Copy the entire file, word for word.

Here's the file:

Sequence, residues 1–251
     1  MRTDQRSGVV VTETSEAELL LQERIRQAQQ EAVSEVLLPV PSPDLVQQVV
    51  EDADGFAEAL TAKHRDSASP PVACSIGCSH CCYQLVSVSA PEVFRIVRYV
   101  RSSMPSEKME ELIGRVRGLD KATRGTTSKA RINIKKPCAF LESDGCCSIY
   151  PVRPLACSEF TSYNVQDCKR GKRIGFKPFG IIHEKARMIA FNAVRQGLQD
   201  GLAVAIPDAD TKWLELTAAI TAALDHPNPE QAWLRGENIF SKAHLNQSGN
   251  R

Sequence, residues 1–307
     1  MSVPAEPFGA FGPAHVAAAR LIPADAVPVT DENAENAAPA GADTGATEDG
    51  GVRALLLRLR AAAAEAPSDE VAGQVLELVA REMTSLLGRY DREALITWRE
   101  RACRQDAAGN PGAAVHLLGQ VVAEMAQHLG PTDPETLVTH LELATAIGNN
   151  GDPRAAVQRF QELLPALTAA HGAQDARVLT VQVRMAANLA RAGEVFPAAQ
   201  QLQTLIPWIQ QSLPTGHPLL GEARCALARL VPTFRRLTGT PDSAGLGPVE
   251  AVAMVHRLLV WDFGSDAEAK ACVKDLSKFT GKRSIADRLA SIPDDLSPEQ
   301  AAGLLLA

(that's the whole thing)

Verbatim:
Sequence, residues 1–251
     1  MRTDQRSGVV VTETSEAELL LQERIRQAQQ EAVSEVLLPV PSPDLVQQVV
    51  EDADGFAEAL TAKHRDSASP PVACSIGCSH CCYQLVSVSA PEVFRIVRYV
   101  RSSMPSEKME ELIGRVRGLD KATRGTTSKA RINIKKPCAF LESDGCCSIY
   151  PVRPLACSEF TSYNVQDCKR GKRIGFKPFG IIHEKARMIA FNAVRQGLQD
   201  GLAVAIPDAD TKWLELTAAI TAALDHPNPE QAWLRGENIF SKAHLNQSGN
   251  R

Sequence, residues 1–307
     1  MSVPAEPFGA FGPAHVAAAR LIPADAVPVT DENAENAAPA GADTGATEDG
    51  GVRALLLRLR AAAAEAPSDE VAGQVLELVA REMTSLLGRY DREALITWRE
   101  RACRQDAAGN PGAAVHLLGQ VVAEMAQHLG PTDPETLVTH LELATAIGNN
   151  GDPRAAVQRF QELLPALTAA HGAQDARVLT VQVRMAANLA RAGEVFPAAQ
   201  QLQTLIPWIQ QSLPTGHPLL GEARCALARL VPTFRRLTGT PDSAGLGPVE
   251  AVAMVHRLLV WDFGSDAEAK ACVKDLSKFT GKRSIADRLA SIPDDLSPEQ
   301  AAGLLLA